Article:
You can find the webinar slides here and the recording below. 


We had a number of questions asked during the Q&A section of the webinar that we weren’t able to get to at the end. We followed up with the presenters to discuss answers to the questions we missed.

Q1 | Have any of you had your proposed public art project rejected because it was too controversial? 

Mark Salinas, Public Art Consultant: Proposals conceived with community stakeholders will have a better chance of not only being accepted, but of “fitting” in the public space regardless of nature. Typically there are several drafts and steps to take place before a final proposal is accepted.

Wayne Hurley, Director of Planning, West Central Initiative: Nothing that was rejected, but we did run into a few minor issues in Henning. First was that school officials were too busy to work with us on the project given the short turn-around, so while we had originally planned to include school property in the project, we ended up stopping just short of their property. The other issue was that we could only work in limited areas within MnDOT’s right-of-way in the downtown area, where we had planned a slightly more robust installation. Neither of those issues was because of any controversy, however.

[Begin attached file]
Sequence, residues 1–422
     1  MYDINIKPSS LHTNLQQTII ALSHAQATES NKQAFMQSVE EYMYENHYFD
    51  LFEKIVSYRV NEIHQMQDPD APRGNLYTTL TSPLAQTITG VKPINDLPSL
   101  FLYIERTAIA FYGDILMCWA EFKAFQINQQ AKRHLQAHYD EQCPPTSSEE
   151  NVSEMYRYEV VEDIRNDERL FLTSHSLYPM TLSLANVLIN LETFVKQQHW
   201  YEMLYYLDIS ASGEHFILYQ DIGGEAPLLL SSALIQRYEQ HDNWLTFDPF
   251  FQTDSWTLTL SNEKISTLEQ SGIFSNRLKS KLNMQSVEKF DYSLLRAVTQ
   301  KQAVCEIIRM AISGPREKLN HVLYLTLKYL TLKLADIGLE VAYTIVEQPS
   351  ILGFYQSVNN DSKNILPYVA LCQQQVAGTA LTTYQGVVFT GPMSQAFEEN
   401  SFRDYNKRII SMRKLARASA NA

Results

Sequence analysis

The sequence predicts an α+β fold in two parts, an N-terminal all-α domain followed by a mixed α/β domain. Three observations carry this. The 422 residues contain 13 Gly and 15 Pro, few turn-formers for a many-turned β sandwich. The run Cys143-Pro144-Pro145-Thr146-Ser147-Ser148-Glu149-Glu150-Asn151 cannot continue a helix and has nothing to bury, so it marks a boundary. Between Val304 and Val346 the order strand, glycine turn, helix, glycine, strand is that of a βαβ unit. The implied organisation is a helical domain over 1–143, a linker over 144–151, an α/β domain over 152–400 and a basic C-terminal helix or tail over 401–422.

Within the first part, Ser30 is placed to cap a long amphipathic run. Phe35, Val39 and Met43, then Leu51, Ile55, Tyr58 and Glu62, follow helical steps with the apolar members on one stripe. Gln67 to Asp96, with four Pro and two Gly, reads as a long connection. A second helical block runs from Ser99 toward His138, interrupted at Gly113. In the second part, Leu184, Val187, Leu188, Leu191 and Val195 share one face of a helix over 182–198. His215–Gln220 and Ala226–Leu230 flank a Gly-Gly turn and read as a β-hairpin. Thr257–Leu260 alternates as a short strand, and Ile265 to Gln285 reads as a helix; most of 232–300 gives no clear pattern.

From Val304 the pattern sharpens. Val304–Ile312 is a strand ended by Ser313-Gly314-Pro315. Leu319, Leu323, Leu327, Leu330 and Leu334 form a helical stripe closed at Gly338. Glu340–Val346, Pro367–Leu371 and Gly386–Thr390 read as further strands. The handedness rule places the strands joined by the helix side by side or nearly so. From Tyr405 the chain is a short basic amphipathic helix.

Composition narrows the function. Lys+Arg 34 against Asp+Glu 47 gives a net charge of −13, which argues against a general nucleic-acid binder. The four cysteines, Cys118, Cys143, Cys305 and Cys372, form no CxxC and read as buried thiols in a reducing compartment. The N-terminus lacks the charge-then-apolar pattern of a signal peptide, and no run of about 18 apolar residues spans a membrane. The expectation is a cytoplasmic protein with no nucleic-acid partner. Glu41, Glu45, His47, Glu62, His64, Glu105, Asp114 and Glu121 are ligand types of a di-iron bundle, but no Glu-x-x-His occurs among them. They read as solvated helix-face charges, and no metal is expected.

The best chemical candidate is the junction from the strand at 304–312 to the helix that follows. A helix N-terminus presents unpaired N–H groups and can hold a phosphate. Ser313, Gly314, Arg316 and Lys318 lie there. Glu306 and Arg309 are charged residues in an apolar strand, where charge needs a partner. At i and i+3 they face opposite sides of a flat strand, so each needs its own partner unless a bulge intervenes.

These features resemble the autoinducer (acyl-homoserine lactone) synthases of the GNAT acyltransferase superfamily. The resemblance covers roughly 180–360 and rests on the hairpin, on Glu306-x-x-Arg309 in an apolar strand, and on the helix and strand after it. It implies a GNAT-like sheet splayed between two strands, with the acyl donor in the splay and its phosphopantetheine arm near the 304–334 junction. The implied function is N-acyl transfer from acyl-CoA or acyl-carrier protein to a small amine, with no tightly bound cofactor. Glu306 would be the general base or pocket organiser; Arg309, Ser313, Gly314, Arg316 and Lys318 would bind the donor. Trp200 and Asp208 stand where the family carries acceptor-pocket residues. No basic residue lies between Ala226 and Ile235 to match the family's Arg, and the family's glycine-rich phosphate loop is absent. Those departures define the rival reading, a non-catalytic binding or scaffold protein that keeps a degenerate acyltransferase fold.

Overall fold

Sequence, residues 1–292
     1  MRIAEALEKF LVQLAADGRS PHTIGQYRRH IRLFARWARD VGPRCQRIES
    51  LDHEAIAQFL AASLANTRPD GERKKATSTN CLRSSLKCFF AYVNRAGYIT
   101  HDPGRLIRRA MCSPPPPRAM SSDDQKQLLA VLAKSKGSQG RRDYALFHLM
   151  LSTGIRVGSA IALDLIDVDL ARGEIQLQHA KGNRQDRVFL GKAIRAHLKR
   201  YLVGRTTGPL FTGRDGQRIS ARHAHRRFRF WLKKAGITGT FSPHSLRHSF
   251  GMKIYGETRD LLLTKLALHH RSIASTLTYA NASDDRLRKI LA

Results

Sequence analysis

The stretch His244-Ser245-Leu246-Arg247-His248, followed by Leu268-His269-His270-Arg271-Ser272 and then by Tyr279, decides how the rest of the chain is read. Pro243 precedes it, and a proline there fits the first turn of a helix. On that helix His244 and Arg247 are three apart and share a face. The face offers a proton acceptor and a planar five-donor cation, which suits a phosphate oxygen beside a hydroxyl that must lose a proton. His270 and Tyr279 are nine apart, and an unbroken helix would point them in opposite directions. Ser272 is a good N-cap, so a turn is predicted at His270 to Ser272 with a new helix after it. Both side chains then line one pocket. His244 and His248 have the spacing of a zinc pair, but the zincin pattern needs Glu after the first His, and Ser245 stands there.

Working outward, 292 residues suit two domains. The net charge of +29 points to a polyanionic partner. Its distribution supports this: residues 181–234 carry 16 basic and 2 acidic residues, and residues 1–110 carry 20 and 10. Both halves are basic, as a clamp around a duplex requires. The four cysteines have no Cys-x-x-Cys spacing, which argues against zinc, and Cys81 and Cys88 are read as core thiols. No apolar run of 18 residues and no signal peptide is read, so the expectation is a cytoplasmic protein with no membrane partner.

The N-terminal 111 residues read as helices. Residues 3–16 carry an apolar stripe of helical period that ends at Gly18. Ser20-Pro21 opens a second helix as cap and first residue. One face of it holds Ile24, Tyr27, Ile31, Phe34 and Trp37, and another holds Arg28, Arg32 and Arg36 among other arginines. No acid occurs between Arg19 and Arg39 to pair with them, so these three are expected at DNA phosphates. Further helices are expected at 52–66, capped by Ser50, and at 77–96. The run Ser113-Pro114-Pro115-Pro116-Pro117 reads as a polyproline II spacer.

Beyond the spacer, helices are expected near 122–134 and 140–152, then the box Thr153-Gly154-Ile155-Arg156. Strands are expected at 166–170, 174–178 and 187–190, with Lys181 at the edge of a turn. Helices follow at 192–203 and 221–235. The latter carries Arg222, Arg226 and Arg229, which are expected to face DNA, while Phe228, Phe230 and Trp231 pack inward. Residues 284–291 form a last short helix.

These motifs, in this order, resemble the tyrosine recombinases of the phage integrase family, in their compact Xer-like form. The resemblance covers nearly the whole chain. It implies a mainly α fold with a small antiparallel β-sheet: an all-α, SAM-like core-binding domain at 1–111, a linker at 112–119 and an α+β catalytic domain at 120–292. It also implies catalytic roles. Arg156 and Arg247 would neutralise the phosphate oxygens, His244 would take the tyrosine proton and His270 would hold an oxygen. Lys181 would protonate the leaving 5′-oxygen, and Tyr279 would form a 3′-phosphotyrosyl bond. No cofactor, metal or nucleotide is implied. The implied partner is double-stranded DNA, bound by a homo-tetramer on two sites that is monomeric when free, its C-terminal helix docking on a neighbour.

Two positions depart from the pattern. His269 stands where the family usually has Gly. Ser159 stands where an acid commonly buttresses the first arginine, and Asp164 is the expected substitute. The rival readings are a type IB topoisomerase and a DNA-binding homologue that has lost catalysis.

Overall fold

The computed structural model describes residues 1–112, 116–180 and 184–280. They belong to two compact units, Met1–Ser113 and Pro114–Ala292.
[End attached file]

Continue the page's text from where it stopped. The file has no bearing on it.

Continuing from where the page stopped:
Ben Stone, Director of Arts & Culture, Smart Growth America: I don’t believe any of the participating artists had to sacrifice their vision. Rather, they each created work that was grounded in their own experiences and in the experiences shared by community members and system users they connected with.

Q2 | Have any of you received complaints about your proposed public art project after installation? 

Mark: Yes, this is typical even for enormous public sculptures. However I have received many compliments as well and I share this with those people.  

Wayne: None that I’m aware of. We did receive a lot of positive comments, however!

Ben: We’ve only heard positive feedback so far.

Q3 | What are your experiences with vandalism, if any? 

Mark: Vandalism, weatherization, and theft are all risks of public art and there should be steps in place to address these issues in the early stages of development.

Wayne: None that I’m aware of for our project. 

Ben: None that I’m aware of.

Questions for West Central Initiative